The Cultural Palaces section also featured 2 Shakespearean plays. The first, Julius Caesar, which graced the opening of the festival, came from Tanta, and was an intelligently abridged version that preserved the dialectical power of the text and its cunning exposition of the political power-game that underlies all revolutions. Director Rami El-Tanbari made extensive use of the montage technique, juxtaposing similar confrontations between different sets of characters by playing them simultaneously and cross cutting between them. The galloping rhythm, simple, versatile set (by Mahmoud Al-Ghareeb), sincerity of the acting and urgency of the theme made up for the general shabbiness and poverty of the costumes and relative lack of acting skills. The second Shakespearean play was a simple, straightforward and blissfully unpretentious rendering of Mohamed Enany's lucid, stage-worthy translation of The Winter's Tale, designed in a simplified, muted Grecian style by Wisam Adel, directed by Abdel-Rahman Salem, and performed by the Ghazl Al-Mahalla Palace troupe. Here, the handling of the last scene of discovery was the high point of the show; its ritualistic air and dream-like quality, teasingly bordering on the real but constantly slipping into the legendary, was an imaginative feat and a credit to the director.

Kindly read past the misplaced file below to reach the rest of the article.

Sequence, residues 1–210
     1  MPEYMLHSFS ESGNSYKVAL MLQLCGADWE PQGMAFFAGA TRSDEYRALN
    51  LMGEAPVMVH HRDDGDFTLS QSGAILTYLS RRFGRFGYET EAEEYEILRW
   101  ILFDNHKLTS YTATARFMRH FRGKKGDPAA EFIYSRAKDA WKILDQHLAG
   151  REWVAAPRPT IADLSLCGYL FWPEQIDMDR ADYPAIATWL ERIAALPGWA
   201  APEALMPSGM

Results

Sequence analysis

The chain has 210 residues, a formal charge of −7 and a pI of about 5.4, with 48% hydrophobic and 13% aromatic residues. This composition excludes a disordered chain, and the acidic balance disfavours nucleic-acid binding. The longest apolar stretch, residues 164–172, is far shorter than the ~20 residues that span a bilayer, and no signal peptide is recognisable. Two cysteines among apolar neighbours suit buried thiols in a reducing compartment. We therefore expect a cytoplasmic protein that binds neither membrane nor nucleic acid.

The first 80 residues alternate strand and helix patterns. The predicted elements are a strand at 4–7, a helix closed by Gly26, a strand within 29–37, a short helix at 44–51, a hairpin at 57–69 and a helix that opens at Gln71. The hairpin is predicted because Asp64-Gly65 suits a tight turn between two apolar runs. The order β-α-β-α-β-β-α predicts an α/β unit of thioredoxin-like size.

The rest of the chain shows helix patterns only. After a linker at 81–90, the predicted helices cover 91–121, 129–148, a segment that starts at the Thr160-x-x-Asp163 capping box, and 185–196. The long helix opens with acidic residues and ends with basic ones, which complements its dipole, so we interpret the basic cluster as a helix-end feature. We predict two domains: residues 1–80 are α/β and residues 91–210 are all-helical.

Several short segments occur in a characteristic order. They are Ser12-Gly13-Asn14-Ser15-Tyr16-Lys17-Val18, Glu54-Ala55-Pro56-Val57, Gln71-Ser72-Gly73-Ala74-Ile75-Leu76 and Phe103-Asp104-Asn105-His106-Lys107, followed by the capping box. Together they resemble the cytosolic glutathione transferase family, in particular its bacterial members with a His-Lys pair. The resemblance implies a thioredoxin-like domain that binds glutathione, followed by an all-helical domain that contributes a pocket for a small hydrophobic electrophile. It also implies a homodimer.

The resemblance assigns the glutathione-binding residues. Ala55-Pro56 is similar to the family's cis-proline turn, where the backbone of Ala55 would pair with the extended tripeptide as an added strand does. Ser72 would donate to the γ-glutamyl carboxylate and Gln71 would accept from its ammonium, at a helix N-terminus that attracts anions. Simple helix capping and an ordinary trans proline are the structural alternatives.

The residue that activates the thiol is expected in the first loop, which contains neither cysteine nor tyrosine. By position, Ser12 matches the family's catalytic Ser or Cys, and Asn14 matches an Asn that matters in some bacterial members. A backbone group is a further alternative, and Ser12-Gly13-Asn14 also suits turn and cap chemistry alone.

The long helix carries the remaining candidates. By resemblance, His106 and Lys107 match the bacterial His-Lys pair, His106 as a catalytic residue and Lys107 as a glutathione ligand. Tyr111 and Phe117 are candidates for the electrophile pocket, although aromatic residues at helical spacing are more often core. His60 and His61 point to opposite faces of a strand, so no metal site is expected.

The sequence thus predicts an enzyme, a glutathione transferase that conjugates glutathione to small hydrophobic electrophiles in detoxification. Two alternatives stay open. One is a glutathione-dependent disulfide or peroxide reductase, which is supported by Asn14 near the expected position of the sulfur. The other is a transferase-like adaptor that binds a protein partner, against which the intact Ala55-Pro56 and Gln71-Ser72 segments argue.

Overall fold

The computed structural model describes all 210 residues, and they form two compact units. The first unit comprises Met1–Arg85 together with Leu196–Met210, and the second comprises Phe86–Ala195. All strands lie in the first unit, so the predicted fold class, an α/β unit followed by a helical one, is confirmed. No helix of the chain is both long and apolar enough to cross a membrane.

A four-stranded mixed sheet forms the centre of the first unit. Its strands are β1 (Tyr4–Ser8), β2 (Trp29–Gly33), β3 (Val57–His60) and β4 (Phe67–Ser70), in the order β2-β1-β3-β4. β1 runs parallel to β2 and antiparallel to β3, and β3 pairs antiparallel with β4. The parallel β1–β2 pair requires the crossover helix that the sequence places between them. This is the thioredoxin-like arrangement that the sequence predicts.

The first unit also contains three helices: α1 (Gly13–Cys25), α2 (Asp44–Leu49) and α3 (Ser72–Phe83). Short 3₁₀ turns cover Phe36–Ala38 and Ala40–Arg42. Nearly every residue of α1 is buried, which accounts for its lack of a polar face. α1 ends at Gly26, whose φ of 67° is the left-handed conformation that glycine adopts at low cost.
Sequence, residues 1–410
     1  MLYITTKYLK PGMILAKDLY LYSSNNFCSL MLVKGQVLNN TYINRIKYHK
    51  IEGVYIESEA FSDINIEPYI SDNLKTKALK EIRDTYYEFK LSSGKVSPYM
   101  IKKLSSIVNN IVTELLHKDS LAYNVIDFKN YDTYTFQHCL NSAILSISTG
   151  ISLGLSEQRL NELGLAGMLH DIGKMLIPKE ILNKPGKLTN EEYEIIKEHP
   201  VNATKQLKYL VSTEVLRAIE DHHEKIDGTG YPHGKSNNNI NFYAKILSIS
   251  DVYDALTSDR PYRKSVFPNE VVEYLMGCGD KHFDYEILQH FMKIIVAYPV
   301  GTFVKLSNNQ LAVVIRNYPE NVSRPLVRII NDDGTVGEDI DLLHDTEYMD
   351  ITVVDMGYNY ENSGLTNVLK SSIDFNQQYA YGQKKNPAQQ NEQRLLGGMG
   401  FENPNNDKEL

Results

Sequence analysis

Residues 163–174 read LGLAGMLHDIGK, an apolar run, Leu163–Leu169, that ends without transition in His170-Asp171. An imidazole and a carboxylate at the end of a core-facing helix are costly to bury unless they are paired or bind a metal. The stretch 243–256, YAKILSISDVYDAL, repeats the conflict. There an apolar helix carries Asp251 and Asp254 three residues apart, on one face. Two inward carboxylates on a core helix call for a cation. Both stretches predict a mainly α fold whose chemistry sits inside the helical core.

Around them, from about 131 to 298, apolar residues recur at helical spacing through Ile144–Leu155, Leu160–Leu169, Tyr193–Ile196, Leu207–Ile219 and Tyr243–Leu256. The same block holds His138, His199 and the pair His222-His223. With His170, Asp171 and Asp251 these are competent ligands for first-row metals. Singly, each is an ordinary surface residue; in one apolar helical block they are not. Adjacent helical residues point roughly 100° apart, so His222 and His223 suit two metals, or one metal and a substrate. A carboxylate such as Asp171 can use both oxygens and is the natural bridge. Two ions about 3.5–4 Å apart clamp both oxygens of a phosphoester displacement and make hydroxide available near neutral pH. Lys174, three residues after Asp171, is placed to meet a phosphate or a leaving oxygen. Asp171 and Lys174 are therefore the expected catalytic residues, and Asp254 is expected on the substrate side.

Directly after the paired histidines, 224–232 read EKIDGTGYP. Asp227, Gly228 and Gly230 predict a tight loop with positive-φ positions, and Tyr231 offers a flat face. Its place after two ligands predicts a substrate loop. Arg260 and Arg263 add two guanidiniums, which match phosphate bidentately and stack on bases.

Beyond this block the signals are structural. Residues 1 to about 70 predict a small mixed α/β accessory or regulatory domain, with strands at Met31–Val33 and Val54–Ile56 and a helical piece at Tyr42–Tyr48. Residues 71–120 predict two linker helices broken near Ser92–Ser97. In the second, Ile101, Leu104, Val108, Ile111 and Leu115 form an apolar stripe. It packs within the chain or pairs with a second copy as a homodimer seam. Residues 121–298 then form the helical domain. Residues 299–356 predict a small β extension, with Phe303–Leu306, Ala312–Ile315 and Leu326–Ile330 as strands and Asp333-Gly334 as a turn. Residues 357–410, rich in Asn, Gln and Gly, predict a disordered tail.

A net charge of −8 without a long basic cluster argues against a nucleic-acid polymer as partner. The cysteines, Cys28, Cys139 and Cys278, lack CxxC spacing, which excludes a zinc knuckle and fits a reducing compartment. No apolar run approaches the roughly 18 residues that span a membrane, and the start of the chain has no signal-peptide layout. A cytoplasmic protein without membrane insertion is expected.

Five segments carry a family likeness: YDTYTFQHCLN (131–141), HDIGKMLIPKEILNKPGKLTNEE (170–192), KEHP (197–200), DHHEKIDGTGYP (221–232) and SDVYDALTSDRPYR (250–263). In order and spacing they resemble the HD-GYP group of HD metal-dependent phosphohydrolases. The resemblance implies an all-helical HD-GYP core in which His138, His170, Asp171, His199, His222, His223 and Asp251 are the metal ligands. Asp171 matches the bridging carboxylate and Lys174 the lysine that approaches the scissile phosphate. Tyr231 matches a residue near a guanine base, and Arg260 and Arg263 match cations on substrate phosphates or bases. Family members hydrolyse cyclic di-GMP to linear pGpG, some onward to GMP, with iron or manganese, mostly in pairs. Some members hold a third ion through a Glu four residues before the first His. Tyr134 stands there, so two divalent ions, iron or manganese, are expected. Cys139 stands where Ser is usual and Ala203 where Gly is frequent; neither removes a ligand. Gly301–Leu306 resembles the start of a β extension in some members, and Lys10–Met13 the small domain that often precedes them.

Other Palaces and Homes performances of which one had high hopes included: a noisy burlesque version The Merchant of Venice, from Qoos, in Upper Egypt, a lackluster rendering of Do Something, Met, by Turkish playwright Aziz Nesin (1916-1995), presented by the Meet Ghamr Cultural Palace troupe, a thoroughly confused and incomprehensible version of Brecht's Caucasian Chalk Circle, from Tahta, in the Delta, a tediously long and overblown version of Mahmoud Diab's Egyptian classic, Ard La Tunbit Al-Zohoor (A Land Where Flowers Cannot Grow) that brought it closest in effect to a tedious TV drama serial, from Borg El-Arab in Alexandria, and an abjectly gimmicky rendering of Mustafa Saad's expressionistic, psychological drama Al-Wahm (The Illusion), from the Tamia Cultural Home in Fayyoum. Unfortunately all were disappointing in varying degrees and amply displayed some of the most glaring weaknesses and debilitating faults that not infrequently bedevil regional productions “ê" namely: a misunderstanding of the plays and/or wanton corruption of their texts, an evil, pretentious tendency for gratuitous gimmickry and comic effects, a frequent, unwarranted intrusion of songs and dances, and a marked degree of artistic naivet≥© and intellectual immaturity, often bordering on imbecility. One wonders what the jury that selected those shows for the festival from among others saw to recommend them. In terms of variety and topical relevance, however, even the most disappointing of these shows can claim some merit. Where else in Egypt nowadays, unless on the fringe, or in regional theatre, can you hope to find artists reckless enough to risk productions of Shakespeare and Brecht, or undertake such risks in the worst possible conditions out of a belief in the political efficacy of theatre, and for no other reward than indulging their passion for creative playacting.